|Kansas City Royals||AL Central||-0.27107|
|Atlanta Braves||NL East||0.13685|
|Philadelphia Phillies||NL East||0.05870|
|New York Mets||NL East||-0.01021|
|Florida Marlins||NL East||-0.03519|
|Montreal Expos/Washington Nationals||NL East||-0.26496|
|Los Angeles Dodgers||NL West||0.07101|
|San Francisco Giants||NL West||0.06250|
|Arizona Diamondbacks||NL West||-0.05593|
|Colorado Rockies||NL West||-0.14006|
|San Diego Padres||NL West||-0.14105|
|St. Louis Cardinals||NL Central||0.14822|
|Houston Astros||NL Central||-0.02893|
|Chicago Cubs||NL Central||-0.08620|
|Cincinnati Reds||NL Central||-0.21235|
|Milwaukee Brewers||NL Central||-0.23670|
|Pittsburgh Pirates||NL Central||-0.37248|
Most people consider the AL West a weak division whose winner usually takes the crown by default, but the MLE ratings say it was actually the strongest over the past decade, even more so than the AL East, which was dragged down by the struggles of Baltimore and Tampa for most of the 2000s. Meanwhile, the only team in the West to finish with a sub-.500 record for the Aughts was Texas, and at .479, even their mark translates to above the MLB average when accounting for the AL's superiority. In other words, the idea that the Angels have been mopping up in a weak division by default is simply a myth.
In sharp contrast to the AL West was the entire National League, whose strongest division (the East) was actually worse than the AL's weakest (the Central). At the very bottom of the heap was the NL Central, where St. Louis racked up 6 division titles in part by being the only above-average team in a group that "boasted" 3 of the 5 worst teams of the decade by MLE in Cincinnati, Milwaukee, and Pittsburgh (the latter of which ranked dead last in MLB by a mile). It's strange to think that those teams were competitive in the 80s/early 90s, but now they consider a successful season to be the occasional brief, C.C. Sabathia-fueled playoff run or an odd 2nd- or 3rd-place finish here and there.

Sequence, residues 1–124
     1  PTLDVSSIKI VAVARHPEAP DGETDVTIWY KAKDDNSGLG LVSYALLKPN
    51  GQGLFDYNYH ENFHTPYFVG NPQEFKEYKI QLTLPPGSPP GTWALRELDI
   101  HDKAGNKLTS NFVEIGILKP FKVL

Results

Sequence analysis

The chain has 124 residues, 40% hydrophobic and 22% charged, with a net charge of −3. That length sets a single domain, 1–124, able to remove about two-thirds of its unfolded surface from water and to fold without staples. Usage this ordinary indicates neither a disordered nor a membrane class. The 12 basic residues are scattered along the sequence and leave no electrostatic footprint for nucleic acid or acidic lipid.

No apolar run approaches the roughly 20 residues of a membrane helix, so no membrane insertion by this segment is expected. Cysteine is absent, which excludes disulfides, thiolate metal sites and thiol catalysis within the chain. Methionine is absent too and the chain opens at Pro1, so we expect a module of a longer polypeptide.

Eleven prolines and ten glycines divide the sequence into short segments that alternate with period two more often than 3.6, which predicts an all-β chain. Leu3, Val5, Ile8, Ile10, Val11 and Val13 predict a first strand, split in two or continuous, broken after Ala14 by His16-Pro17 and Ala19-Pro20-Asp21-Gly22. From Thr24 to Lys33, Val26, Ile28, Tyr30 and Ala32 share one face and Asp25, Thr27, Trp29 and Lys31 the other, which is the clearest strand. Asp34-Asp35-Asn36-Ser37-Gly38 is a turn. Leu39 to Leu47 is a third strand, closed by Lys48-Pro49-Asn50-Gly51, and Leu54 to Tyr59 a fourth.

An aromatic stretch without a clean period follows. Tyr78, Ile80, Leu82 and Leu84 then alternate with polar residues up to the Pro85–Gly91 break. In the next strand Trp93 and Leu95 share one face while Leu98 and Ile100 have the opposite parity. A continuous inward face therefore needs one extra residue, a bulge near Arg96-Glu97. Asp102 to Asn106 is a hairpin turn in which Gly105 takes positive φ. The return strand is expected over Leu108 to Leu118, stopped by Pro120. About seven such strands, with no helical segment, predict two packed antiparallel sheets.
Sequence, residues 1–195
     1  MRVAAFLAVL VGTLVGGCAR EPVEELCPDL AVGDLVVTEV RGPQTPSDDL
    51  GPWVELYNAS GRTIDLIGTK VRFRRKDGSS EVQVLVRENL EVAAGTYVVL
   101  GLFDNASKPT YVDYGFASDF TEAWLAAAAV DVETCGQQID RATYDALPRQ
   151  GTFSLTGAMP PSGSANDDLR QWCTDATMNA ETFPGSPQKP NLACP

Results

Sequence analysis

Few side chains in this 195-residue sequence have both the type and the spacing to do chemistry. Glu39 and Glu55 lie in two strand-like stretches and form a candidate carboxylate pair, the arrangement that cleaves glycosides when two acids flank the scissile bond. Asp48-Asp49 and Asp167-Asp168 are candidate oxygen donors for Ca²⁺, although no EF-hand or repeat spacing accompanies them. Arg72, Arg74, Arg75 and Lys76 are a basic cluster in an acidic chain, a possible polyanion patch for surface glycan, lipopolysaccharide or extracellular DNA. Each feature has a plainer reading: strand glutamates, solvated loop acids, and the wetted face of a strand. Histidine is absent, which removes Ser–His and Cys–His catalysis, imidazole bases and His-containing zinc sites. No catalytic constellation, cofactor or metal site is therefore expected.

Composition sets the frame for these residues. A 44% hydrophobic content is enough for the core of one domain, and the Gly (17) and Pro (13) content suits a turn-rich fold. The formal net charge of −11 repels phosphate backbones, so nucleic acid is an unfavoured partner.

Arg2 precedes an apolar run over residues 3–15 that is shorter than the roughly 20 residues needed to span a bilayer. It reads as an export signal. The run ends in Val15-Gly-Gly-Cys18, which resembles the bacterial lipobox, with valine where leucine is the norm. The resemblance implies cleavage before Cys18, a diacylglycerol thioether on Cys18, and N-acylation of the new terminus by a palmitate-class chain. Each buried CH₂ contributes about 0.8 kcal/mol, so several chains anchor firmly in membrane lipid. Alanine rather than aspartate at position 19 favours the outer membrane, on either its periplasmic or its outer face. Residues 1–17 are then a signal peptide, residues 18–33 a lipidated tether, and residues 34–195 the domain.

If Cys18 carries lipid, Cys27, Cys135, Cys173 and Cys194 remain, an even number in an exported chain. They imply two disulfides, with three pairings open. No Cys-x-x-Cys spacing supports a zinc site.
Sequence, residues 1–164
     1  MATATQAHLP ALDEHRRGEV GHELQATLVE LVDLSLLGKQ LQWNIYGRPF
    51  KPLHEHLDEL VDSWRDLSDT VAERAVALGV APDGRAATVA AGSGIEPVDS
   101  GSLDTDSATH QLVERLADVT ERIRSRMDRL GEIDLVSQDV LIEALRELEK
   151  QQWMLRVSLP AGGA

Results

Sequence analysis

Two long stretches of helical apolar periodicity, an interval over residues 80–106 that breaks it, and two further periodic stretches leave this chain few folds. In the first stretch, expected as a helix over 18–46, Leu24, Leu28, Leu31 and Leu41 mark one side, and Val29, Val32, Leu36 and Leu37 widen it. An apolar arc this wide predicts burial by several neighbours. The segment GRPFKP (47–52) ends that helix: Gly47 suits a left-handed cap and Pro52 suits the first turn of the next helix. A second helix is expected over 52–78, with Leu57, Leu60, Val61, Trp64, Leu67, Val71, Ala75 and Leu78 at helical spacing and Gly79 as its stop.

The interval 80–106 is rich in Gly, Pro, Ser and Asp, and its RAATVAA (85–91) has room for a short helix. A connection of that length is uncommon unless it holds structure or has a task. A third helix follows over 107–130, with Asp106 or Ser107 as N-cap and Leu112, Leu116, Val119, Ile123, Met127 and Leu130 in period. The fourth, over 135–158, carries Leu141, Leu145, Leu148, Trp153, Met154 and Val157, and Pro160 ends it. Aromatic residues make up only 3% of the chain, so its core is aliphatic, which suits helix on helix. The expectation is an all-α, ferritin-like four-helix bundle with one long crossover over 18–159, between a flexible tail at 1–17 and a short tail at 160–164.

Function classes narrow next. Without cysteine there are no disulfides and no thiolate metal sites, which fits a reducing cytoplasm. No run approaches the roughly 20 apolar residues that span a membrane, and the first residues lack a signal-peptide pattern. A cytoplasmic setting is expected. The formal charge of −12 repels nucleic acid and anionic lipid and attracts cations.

Shifting our attention back to the other end of the spectrum, the battle for #1 overall wasn't especially close going into 2009, and the Yankees blew it wide open by winning their 2nd title of the decade. They finished the 2000s as the only team with more than 1,000 combined regular-season and playoff wins, an MLB-best 8 division titles, and an MLB-best 4 pennants as well. Many would argue that I forgot to include an additional column for their record-shattering payroll, their advantage in which mirrors their lead in the ratings... But whatever the reason for their success, you have to acknowledge that -- by the numbers, at least -- the Yankees were the decade's most accomplished team (and this is coming from a very committed Red Sox fan).
That said, let me know what you think -- who were your top teams of the 2000s? Why is the AL so much stronger than the NL? And which teams will rise to prominence over the next decade? Give me your opinions in the comments below...
This entry was posted on Monday, January 18th, 2010 at 9:39 am and is filed under Uncategorized. You can follow any responses to this entry through the RSS 2.0 feed. Both comments and pings are currently closed.